When GDC 2014 finally came to an end the most exciting news came from Microsoft, as they previously hinted it was the long awaited announcement of the next version of DirectX. As expected following the simple numeric order this one is named DirectX 12 and as we found out during the announcement this time around it’s mostly focusing on utilizing the potential low level graphics programming in Direct 3D. But naturally the announcement also leads to multiple questions and today we will be analyzing the most sensible answers for them, so without any delay let us get started!
What Does Low Level Programming Do?
Recently AMD caused every tech enthusiast to research more about Low Level Programming due to their new feature called Mantle. In all honestly Low Level programming was never properly utilized and those who attempted to do so lacked proper advertising this is where AMD came in and took everyone by surprise. Microsoft followed AMD on its path and with the release of DirectX12 we will see it utilized in a way that no one has ever seen before, it’s safe to say it was an unsolved puzzle that AMD started solving and Microsoft finished.
For PC gaming Low Level programming can do wonders and can allow it to reach a state where PC would truly become the ultimate platform. The most obvious use of Low Level API are the consoles, its due to these dedicated low level programming that consoles can run demanding games even with inferior hardware. Up until now PC didn’t mind as their high level API such as Direct3D and OpenGL were working just fine, producing better visuals than consoles ever could. But with such improvement in terms of visuals in such a short time PC started to face many performance issues where else in consoles developers would outright tone down the visuals in order to achieve better performance, which clearly was not an option for PC users.
Due to how rapidly GPU performance has grown compared to the CPU and that resulted in some problem, the massive amount of work these API’s had to do is restricted to one single thread by nature therefore creating a bottleneck and this will only get worse as we progress further. This is where Low Level programming comes in, it can deal with similar problems far more efficiently. Low Level API’s require no additional API’s, therefore working in a much better manner with multiple CPU cores which is quite common in today’s ever evolving world of CPU’s.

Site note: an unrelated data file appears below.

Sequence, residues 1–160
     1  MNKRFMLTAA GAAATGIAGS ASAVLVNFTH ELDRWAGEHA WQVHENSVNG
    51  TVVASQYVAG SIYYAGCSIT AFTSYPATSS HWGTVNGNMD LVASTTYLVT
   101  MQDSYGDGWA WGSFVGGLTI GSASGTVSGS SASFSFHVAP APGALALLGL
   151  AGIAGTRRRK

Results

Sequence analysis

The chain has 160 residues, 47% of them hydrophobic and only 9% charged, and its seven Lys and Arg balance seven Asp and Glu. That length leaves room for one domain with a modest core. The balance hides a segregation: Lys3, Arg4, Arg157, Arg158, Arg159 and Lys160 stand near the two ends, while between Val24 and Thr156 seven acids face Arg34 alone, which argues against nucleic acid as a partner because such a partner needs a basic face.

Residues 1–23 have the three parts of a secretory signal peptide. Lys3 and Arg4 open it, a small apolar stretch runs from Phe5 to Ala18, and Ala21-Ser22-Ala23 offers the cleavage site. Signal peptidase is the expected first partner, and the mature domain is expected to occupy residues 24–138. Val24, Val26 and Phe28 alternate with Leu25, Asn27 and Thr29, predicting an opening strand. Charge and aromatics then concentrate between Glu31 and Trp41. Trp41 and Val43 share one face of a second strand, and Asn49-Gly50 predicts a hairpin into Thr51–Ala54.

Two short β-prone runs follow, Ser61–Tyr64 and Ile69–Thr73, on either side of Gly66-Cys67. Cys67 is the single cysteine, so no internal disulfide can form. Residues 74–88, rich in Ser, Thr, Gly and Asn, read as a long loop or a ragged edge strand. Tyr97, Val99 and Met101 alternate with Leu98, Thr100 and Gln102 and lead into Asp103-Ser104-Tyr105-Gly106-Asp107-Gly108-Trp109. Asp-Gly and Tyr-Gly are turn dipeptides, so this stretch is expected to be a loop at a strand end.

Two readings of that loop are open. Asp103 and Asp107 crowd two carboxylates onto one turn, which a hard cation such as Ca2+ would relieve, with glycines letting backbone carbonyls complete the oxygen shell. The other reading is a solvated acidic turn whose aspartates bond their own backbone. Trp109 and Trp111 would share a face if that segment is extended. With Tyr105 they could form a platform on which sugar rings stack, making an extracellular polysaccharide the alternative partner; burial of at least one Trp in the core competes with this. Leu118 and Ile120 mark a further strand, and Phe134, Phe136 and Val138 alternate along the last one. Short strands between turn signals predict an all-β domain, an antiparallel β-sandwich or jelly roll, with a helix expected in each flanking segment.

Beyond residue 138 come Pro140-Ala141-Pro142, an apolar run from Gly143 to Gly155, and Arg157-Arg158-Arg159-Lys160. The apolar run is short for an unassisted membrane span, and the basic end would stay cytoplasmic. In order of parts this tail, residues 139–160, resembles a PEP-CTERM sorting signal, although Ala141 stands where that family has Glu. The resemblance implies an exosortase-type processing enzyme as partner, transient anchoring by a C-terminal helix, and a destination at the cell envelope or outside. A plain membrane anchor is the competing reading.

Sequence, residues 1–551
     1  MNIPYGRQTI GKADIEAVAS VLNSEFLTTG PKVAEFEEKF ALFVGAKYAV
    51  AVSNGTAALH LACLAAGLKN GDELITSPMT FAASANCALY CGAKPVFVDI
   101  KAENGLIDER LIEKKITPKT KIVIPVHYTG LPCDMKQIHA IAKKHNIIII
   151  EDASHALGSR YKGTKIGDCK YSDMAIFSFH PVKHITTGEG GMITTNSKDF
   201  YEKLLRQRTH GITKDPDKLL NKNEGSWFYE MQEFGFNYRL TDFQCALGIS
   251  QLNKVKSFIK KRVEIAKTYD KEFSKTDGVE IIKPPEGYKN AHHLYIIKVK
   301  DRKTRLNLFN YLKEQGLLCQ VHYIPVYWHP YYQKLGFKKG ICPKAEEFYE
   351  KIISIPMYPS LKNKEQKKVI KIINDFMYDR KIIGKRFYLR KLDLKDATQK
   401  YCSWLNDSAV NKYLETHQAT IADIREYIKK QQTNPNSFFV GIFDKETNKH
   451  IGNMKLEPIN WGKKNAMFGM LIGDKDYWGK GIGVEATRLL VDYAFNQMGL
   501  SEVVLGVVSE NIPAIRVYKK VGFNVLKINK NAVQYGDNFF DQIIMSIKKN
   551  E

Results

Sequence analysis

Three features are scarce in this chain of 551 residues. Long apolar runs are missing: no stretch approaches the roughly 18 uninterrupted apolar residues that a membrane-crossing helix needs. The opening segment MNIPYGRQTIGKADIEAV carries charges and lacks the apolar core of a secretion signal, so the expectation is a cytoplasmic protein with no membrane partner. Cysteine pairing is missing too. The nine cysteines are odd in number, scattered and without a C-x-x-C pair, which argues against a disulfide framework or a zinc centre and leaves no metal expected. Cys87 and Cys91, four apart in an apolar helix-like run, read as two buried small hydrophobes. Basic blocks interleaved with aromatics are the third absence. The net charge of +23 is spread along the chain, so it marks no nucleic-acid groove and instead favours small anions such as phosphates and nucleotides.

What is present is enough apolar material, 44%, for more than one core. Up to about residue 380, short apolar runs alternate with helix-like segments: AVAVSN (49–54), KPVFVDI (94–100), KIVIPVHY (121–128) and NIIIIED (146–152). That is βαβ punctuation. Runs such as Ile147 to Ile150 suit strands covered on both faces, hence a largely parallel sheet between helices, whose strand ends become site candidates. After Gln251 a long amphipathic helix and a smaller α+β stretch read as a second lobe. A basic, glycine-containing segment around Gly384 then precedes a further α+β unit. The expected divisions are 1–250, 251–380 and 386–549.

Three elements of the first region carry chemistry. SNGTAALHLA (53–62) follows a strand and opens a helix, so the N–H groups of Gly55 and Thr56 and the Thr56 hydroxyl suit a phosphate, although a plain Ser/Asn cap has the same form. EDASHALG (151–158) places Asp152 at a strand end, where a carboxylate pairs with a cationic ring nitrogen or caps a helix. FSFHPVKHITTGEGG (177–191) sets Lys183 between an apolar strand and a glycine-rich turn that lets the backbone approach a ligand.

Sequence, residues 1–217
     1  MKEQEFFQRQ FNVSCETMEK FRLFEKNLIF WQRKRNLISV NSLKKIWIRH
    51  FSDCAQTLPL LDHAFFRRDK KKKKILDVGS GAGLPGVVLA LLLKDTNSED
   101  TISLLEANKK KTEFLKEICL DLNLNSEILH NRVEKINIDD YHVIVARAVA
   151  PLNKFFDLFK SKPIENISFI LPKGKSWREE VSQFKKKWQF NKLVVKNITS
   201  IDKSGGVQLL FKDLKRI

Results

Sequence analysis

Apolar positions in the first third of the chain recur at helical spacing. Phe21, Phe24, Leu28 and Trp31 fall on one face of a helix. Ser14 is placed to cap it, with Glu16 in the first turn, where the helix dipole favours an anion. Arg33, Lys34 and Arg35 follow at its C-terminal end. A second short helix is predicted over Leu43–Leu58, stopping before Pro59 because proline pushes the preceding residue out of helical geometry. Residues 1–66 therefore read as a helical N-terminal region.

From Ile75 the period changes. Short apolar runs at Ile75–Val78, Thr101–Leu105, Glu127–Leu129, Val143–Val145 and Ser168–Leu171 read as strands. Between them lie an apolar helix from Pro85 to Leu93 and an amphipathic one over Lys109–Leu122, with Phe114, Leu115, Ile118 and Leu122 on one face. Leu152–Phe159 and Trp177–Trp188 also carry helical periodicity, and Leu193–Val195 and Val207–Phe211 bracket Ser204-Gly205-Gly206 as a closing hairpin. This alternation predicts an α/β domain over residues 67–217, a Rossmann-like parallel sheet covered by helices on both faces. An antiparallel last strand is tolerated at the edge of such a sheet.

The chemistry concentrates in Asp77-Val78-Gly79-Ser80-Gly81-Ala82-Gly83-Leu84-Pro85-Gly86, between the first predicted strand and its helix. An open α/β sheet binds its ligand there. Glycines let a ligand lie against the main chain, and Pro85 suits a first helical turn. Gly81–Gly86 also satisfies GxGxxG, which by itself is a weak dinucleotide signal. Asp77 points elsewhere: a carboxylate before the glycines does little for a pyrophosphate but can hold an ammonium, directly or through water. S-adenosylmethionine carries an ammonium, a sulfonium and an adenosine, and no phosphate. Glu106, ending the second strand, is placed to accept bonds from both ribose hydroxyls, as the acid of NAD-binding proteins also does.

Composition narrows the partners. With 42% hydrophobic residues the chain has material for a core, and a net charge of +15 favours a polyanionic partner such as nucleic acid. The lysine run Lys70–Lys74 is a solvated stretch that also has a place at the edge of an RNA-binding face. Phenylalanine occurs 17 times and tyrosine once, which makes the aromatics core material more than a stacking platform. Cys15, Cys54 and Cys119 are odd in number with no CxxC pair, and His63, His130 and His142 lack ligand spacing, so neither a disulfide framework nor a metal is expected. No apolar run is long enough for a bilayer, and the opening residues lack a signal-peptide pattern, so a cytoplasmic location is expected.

How Does DirectX 12 Differ Itself from Mantle and How Will It Be Used?
Now you might be wondering, “well Mantle is doing something similar” so how does DirectX12 stand out? The answer is that Microsoft will be able to bestow the technology of Low Level Programming to all platforms regardless of what GPU they are using where as Mantle is exclusive to AMD users only, but the initial goal of both companies are similar which is to achieve superior performance. Microsoft claimed that Direct3D 12 is going to greatly reduce the CPU overheard by allowing developers to use their own command lists which will result in better spread between multiple cores, additionally D3D 12 will also feature pipeline state objects which will bypass pipeline limitations to some extent by using content that is already finalized on creation, therefore increasing the number of draw calls the CPU can submit.
The final unique feature of the D3D 12 will be descriptor heaps which basically means access to resources similar to what Nvidia introduced with their Kepler architecture. So yes, D3D 12 will be different than Mantle in terms of availably and features but the goal of both will remain the same.
DirectX 12 Final Words
This is great for the PC industry in general as the potential for improved performance is quite clear, yes it does bring up question regarding Mantles future but that is something we can only assume until D3D 12 is officially released. Only one thing is for certain now, Low Level API’s have finally reached a position where they are being utilized in a manner never seen before and this might be the first true step into the next generation regardless of what console titles may suggest.